# Strongly Connected Components

Written by Charlotte Knierim.

Contents

In this article we look at strongly connected components of digraphs. Given a digraph, it is a natural question which vertices can be reached by a given vertex. A digraph is called strongly connected, if every vertex can be reached from every other vertex.

If a digraph is not strongly connected, then we can decompose it into strongly connected components. These are maximal sets in the graph such that every vertex in a set can be reached by every other vertex from the same set.

Example:

We can display the relationship between the strongly connected components in a component graph. The component graph is a DAG (directed acyclic graph). Note that there is a path from vertex $u$ to vertex $v$ if and only if there is a path from the component containing $u$ to the component containing $v$ in the component graph.

Example:

## Algorithm by Kosaraju

We show an algorithm that computes the strongly connected components of a digraph $D=(V,E)$ in $O(V+E)$. For this algorithm, we need the transpose $D^T =(V,E^T)$ that consists of all edges of $D$ reversed. Formally we add an edge $(u,v)$ to $E^T$ if $(v,u)$ was an edge in $E$.

Note that the strongly connected components of $D^T$ are exactly the same as the strongly connected components of $D$.

Steps of the algorithm:

1. Perform a DFS in $D$ take note of the postorder of the vertices
2. Create the transpose graph $D^T$
3. Perform a DFS in $D^T$ according to the reverse postorder of the vertices

Example: Starting the DFS at $c$ visiting $d$ and $e$ and then $a$ and $b$ and finally restarting the DFS at $f$ (because we cannot reach it from $c$) gives the following result. The number at each vertex indicates the postorder, the DFS edges are marked in red.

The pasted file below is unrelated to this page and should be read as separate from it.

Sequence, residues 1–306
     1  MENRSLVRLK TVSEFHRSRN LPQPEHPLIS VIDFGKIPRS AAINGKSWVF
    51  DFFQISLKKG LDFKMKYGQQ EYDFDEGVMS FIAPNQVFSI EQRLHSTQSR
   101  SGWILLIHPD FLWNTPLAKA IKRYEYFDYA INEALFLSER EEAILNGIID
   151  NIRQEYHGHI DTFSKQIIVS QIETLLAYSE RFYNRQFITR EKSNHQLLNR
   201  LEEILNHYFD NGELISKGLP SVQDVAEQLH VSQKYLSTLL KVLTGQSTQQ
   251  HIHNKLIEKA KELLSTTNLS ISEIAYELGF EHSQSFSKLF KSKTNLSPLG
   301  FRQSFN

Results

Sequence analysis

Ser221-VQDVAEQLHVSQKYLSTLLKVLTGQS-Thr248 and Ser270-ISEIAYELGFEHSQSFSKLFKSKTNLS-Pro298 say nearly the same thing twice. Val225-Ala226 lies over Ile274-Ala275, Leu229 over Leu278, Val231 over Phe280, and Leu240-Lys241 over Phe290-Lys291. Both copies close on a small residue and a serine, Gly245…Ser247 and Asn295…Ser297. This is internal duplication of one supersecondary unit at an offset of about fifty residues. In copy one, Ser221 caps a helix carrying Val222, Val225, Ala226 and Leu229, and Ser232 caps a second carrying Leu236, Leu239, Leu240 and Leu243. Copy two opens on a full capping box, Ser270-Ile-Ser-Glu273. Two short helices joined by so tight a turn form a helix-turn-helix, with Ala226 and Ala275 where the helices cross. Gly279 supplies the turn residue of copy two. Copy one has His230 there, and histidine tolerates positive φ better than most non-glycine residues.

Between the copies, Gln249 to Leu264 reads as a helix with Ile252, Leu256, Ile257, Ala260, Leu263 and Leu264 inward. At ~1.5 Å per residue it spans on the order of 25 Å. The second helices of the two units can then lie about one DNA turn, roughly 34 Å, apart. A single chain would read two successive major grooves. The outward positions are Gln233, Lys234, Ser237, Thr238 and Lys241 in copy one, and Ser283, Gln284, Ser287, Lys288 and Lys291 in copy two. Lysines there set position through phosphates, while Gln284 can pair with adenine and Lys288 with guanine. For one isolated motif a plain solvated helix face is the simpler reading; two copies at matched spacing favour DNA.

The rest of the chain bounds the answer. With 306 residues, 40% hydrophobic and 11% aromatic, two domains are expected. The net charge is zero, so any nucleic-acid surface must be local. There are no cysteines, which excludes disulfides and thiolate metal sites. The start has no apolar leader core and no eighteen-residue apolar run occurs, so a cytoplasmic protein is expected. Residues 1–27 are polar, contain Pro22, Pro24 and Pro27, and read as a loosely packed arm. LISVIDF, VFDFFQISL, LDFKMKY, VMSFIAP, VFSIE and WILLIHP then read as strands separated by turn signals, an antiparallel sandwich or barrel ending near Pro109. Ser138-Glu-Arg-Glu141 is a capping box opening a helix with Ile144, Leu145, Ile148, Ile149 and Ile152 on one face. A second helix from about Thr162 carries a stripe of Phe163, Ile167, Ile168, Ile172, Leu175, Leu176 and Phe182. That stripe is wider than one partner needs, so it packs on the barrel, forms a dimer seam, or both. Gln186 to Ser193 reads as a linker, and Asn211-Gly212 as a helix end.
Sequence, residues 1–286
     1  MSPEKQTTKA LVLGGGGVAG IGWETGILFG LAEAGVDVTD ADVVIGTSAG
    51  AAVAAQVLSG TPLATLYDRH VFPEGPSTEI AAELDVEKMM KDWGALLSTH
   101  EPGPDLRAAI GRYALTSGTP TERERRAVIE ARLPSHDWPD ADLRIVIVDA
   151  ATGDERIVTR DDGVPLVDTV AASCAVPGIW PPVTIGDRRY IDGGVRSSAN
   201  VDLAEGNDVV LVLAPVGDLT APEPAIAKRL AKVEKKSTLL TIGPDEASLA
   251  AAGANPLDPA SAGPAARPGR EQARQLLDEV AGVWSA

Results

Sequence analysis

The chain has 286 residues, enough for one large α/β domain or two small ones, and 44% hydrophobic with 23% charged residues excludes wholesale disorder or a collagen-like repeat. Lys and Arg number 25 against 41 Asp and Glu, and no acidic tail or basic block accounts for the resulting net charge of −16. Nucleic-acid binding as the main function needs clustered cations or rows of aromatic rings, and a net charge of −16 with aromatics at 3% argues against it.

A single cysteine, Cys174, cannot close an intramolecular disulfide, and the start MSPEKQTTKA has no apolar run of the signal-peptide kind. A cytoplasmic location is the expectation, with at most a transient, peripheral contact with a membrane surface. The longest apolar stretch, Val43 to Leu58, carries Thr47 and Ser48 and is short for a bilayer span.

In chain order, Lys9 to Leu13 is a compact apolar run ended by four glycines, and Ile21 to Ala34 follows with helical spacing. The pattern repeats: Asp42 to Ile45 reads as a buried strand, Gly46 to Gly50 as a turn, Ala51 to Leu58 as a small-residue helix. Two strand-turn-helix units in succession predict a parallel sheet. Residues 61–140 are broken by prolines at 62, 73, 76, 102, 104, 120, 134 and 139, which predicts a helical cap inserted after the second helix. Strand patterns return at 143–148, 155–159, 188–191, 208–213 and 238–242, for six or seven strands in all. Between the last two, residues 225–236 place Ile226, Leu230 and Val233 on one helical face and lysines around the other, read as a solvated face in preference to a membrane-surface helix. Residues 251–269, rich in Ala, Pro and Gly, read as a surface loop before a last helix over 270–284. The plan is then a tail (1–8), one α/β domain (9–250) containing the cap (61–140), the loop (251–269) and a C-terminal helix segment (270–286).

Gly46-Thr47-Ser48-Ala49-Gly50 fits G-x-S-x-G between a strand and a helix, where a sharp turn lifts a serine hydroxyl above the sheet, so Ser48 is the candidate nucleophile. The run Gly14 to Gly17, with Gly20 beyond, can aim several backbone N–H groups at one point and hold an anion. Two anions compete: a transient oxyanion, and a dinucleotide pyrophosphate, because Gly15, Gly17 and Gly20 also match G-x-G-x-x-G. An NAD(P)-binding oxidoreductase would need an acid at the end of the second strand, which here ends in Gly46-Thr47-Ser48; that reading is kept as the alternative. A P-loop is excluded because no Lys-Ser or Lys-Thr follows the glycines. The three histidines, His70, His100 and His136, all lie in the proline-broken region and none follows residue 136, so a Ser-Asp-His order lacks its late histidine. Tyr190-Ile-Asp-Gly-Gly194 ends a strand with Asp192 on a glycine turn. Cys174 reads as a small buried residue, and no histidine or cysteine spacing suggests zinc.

Keeping the postorder in mind, we now create the transposed graph $D^T$.

On the resulting graph $D^T$ we now perform a DFS starting at the vertex with the highest postorder (here $f$). Whenever we restart the DFS, we begin a new strongly connected component. Again the DFS edges are indicated in red.

### Implementation

Implementation in C++:

struct graph
{
int n;
int num_comp = 0;
vector<int> post;
vector<int> comp;

void dfs(int curr, int curr_comp = -2)
{
if (comp[curr] != -1) return;
comp[curr] = curr_comp;
for (auto nx : adjlist[curr]) dfs(nx, curr_comp);
post.push_back(curr);
}

void kosaraju()
{
// Create list of vertices in post order
comp.assign(n, -1);
for (int i = 0; i < n; i++) dfs(i);

// Reverse post order
reverse(post.begin(), post.end());

// Build transpose graph
vector<vector<int>> rev(n);
for (int i = 0; i < n; i++)
for (auto j : adjlist[i]) rev[j].push_back(i);


Remark In the end we have a vector comp such that for any vertex $v$ we have that $v$ belongs to the strongly connected component comp[v]. We can now build the component graph in $O(E)$ by iterating over all edges of $D$ and for an edge $(u,v)\in E(D)$ adding the edge (comp[u],comp[v]) to the component graph if it is not contained already.